Mazda goes like the wind
Another aerodynamic compact soft-roader will make its debut soon, writes PAUL GOVER
THE crossover family of new-age Mazda wagons is set for an addition. The company has just revealed the latest in its series of swoopy concepts, called the Kazamai (right), but in reality it is a pointer to a CX-5.
The CX-7 and the CX-9 are already on the road and doing well across the world, but the CX-5 will give Mazda a sharp new contender in the compact soft-roader class against the Honda CR-V and Toyota RAV4.
The Kazamai — it means ‘‘swirling crosswinds’’ in Japanese — will be revealed next month at the Moscow International Automobile Salon.
Press information says the Kazamai design is intended to be ‘‘spirited and fun to drive, with compact dimensions’’.
‘‘The concept’s four-wheel-drive Mazda powertrain will consist of a next-generation direct-injection engine and a newly developed transmission. It is also aerodynamically efficient, with an evolved lightweight and robust body structure that contributes to the vehicle’s dynamics and safety,’’ Mazda says.
‘‘If it were to be built, Mazda’s latest showcar would deliver exciting driving dynamics, frugal fuel consumption and greatly reduced CO2 emissions.’’
The mechanical platform for a CX-5 would come from the Ford Kuga, a RAV4 rival that is already selling well in Europe. It has the allwheel-drive system that Mazda wants for a production version of the Kazamai.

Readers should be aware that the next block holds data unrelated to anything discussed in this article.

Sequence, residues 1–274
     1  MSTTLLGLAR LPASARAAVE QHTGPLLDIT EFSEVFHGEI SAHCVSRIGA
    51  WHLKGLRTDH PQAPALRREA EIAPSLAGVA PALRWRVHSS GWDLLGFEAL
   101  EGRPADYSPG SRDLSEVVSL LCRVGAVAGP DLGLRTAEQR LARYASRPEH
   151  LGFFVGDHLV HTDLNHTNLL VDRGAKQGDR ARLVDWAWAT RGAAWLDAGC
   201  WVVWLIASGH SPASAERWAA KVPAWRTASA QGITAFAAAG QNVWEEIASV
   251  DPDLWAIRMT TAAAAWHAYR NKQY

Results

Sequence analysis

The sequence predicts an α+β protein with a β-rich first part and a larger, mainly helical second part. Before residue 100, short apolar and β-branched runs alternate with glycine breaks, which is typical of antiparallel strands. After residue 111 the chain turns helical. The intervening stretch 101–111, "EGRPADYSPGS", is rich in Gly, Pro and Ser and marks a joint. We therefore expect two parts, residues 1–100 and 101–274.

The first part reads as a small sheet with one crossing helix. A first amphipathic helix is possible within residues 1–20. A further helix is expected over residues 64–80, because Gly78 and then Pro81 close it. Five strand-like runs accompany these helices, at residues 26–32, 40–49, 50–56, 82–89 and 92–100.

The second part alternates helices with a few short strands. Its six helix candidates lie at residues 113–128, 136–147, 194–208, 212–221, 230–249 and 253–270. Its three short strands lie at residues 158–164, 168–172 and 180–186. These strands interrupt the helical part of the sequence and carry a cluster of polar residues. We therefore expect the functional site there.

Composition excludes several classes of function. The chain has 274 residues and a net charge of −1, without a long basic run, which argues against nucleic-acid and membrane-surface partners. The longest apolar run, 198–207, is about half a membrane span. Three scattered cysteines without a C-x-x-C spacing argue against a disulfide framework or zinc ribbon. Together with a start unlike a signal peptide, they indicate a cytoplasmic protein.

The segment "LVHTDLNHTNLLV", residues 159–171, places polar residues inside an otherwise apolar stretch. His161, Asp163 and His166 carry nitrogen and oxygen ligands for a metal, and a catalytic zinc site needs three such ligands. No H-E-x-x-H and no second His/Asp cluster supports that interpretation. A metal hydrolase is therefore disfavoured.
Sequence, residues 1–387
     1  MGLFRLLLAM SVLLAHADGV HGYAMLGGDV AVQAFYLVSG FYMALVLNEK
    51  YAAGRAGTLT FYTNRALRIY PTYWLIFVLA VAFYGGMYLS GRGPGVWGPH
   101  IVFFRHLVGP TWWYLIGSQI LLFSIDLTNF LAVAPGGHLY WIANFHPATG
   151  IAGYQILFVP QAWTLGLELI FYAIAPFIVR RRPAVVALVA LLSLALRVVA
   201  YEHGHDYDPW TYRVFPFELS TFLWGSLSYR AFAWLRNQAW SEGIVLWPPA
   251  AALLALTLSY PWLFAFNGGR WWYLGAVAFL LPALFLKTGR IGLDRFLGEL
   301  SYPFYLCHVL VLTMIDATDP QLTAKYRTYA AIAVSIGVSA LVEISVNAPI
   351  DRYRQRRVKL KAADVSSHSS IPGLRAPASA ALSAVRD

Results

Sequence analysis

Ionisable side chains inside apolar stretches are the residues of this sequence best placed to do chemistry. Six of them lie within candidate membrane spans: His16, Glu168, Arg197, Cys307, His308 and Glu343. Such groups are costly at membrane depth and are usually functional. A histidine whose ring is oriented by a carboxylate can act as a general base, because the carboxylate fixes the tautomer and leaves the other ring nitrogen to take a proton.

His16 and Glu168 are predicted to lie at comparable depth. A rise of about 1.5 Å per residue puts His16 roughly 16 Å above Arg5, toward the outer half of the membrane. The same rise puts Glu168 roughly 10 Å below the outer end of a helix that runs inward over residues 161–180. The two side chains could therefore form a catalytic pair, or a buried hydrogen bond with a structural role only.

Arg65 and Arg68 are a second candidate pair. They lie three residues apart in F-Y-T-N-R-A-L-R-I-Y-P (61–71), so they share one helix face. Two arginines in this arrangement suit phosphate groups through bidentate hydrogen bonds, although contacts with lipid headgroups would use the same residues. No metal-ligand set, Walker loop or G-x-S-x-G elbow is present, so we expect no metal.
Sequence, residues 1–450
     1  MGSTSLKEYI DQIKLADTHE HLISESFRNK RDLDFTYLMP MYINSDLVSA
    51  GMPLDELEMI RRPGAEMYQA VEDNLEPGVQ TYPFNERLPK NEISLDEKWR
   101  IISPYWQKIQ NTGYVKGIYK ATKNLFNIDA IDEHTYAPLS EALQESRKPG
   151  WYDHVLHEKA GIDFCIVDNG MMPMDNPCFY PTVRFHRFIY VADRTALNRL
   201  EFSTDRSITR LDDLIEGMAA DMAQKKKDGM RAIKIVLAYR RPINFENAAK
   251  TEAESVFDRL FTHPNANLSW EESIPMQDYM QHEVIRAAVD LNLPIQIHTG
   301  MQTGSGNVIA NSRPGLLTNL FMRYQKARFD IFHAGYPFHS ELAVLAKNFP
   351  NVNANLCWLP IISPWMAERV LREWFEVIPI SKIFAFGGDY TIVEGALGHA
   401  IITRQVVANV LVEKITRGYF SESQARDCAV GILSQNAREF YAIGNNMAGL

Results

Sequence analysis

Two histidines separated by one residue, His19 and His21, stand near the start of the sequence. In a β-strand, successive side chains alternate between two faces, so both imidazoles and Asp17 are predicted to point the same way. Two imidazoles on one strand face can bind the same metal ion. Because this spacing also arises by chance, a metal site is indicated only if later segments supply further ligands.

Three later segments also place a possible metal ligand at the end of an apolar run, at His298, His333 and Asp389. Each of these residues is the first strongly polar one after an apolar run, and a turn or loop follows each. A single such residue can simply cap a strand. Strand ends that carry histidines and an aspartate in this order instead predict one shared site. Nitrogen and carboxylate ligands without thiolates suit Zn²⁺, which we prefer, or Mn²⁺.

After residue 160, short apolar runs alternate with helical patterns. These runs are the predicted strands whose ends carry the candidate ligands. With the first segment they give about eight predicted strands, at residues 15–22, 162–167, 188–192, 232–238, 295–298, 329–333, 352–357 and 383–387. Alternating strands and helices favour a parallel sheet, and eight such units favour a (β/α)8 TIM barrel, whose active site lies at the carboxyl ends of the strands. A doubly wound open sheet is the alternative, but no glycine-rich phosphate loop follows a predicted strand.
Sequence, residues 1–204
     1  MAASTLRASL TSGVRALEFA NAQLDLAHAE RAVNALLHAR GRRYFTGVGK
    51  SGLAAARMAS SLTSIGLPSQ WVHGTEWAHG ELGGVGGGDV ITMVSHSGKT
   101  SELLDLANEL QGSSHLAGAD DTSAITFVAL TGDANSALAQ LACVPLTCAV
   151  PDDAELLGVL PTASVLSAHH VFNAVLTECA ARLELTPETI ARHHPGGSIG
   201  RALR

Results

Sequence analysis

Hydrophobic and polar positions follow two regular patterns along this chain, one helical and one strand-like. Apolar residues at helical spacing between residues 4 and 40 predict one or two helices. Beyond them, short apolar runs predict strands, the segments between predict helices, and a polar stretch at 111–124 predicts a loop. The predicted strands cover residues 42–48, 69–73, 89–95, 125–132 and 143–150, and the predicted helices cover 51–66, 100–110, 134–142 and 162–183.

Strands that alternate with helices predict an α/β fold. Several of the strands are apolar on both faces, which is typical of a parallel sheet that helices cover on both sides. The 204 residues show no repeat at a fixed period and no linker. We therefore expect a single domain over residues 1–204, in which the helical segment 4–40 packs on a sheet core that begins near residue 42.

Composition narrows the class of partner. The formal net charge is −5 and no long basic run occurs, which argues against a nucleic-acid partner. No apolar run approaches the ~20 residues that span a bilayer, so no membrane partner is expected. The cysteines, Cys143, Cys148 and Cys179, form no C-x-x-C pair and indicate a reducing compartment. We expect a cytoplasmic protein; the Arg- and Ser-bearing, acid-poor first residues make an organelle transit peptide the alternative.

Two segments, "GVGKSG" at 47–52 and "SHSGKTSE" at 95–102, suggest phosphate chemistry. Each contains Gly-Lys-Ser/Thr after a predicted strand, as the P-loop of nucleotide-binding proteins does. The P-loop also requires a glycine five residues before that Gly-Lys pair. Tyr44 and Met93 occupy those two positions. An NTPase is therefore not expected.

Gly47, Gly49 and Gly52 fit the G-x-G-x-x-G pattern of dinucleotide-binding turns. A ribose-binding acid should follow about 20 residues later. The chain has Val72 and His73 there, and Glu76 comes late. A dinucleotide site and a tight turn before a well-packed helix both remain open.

The direct-injection engine fitted to the concept car could be either petrol or diesel. Mazda is looking at both and has already developed diesels for its Mazda3 and Mazda6 to boost sales in Europe.
The CX-5 would also be expected to come with a DSG-style manu-matic gearbox similar to the ones that have been so successful for Volkswagen and are now also in use by BMW with its M3 and Porsche with its updated 911.
The CX-5 plan is likely to advance from a Kazamai dream to a Zoom-Zoom reality within two years, even if the company is only talking vaguely about its work.
It would lose the 22-inch wheels from the motor show machine and get rear doors.
‘‘There is such potential in the compact SUV market that we want a car here today. If Mazda was to green-light something for production we would do everything we could to get our share,’’ Australian company spokesman Glenn Butler says.